This is Weapons of Mass Destruction week. Broken Arrow is currently available on instant Netflix.
WATCH: Broken Arrow (1996) – Rated R.
“When rogue stealth-fighter pilot Vic Deakins (John Travolta) deliberately drops off the radar while on maneuvers, the Air Force ends up with two stolen nuclear warheads — and his co-pilot, Riley Hale (Christian Slater), is the only hope for getting them back. Traversing the deserted canyons of Utah, Hale teams with park ranger Terry Carmichael (Samantha Mathis) to put Deakins back in his box. But can they pull it off?”
“I dont know what is scarier, losing nuclear weapons, or that it happens so often there is a term for it.”
“You assured me everything would go smoothly.” – “I assure you – everything is going smoothly.”
“Would you mind not shooting at the thermonuclear weapons?”
First, I have to admit that I love director John Woo. His Hong Kong films were great. The Killers, Hard-Boiled and A Better Tomorrow are all classics and gave a much needed shot of adrenaline to the action genre.
John Woo was not the first filmmaker to feature a two-gun hero but he was definitely the one who popularized it. Many of his action signatures like that one have been endlessly copied by Hollywood.
Unfortunately when John Woo came to the U.S., he hit a triple wall. None of his American movies have matched the dark poetry of The Killer or the adrenaline rush of Hard-Boiled.
Star interference hurt him twice. For his first American feature he was given the notoriously difficult Jean Claude Van Damme as his star. Worse, Mission Impossible II was a Tom Cruise film. When Tom Cruise is in a film, he has the power to film and edit to feature himself (not the film) to best advantage.
MPAA interference meant that his ballets of violence had to be severely toned down. The worst damage however was that John Woo was used to a great deal of autonomy and that did not sit well with the studios. He also liked operatic endings which do not go over well with American audiences.
Broken Arrow, while not one of his Hong Kong classics, is a quite entertaining film. There are several signature Woo Mexican standoffs here as well as a dual gun-wielding hero.
The action setpieces are great. A mine shootout is a particular standout as is the train assault.
Woo has a wonderful time with transportation themes in this film. With helicopters alone, we have helicopter vs. person on foot, Helicopter vs. jeep, and helicopter vs. train. The film starts with a stealth flight and later features jeep chases, boats, and even a train.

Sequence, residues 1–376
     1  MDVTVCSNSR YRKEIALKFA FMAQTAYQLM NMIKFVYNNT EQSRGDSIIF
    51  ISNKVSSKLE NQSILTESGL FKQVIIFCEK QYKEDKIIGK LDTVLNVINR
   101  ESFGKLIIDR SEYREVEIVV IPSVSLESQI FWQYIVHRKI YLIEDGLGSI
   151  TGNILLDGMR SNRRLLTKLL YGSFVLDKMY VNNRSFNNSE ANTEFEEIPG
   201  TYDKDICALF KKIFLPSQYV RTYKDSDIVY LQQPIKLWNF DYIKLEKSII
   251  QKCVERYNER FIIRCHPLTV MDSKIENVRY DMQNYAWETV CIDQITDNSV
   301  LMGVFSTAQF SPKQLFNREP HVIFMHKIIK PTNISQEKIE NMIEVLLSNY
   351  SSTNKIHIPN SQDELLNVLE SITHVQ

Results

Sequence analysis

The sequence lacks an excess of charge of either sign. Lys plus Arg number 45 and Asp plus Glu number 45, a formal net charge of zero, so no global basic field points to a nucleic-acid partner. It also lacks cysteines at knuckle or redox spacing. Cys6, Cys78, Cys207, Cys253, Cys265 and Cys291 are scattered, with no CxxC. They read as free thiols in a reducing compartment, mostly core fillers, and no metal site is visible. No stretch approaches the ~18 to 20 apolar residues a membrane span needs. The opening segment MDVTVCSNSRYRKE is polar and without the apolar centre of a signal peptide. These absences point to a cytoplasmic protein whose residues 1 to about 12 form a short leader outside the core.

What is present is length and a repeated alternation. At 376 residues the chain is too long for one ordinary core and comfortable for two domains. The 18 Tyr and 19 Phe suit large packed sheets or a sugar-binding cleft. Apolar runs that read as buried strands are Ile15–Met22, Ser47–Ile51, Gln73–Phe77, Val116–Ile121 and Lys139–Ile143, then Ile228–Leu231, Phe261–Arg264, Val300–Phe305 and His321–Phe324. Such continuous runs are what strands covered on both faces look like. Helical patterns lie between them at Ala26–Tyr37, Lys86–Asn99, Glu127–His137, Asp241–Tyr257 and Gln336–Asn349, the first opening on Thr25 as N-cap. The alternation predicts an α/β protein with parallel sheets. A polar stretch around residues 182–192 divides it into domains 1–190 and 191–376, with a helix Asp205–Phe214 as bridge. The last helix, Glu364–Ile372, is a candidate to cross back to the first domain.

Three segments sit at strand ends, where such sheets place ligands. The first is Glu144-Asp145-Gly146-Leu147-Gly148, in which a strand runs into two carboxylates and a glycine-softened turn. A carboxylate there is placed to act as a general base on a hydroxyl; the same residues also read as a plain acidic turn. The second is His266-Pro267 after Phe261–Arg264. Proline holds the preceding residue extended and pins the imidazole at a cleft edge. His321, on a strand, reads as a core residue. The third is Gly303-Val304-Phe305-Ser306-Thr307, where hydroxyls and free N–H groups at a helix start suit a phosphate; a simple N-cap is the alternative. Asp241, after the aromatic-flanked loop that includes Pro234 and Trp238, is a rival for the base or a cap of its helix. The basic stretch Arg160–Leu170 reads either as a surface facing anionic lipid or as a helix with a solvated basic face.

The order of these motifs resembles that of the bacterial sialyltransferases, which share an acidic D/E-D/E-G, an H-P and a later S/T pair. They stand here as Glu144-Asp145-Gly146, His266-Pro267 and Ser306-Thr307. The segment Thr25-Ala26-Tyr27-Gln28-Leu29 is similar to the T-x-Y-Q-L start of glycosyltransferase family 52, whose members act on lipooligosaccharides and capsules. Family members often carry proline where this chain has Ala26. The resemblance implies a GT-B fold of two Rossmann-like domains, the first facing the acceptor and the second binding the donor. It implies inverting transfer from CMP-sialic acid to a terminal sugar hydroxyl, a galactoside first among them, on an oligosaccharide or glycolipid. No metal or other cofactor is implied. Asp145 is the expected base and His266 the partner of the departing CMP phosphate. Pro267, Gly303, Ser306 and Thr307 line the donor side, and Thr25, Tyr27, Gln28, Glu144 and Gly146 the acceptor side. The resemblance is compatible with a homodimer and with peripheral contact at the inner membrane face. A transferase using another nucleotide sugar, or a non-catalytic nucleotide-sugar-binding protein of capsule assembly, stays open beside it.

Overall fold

One of the nice things about the film is the give and take. Sometimes our villain outsmarts the hero, sometimes the hero outsmarts the villain. As with most Woo films, the hero and the villain have a close personal relationship.
John Travolta has a ball here. His brand of broad stroke acting wonderfully fits the villain for this film. His performances around this time (Pulp Fiction, Get Shorty) are marvelous but sadly they have devolved into self-parody (Battlefield Earth, Swordfish). John Travolta chews up the scenery here and the film is almost worth watching for his performance alone.
Christian Slater and Samantha Mathis play our heroes. They handle their roles capably but do not appear to be having nearly as much fun as Travolta. Football player Howie Long plays the evil sidekick. He does not have much to do but look imposing but he seems to enjoy himself.
I recommend this as a Watch for an admittedly hammy yet quite enjoyable performance by Travolta and for some wild action scenes. Keep in mind while watching that this is indeed watered-down Woo.
People Watch: Look for veteran character actor Kurtwood (Robocop, That 70s Show) Smith as the Secretary of Defense. After a disappointing last decade, John Woo returned to China to film Red Cliff, an adaptation of the classic Romance of the Three Kingdoms. It is supposed to feature some amazing battle sequences.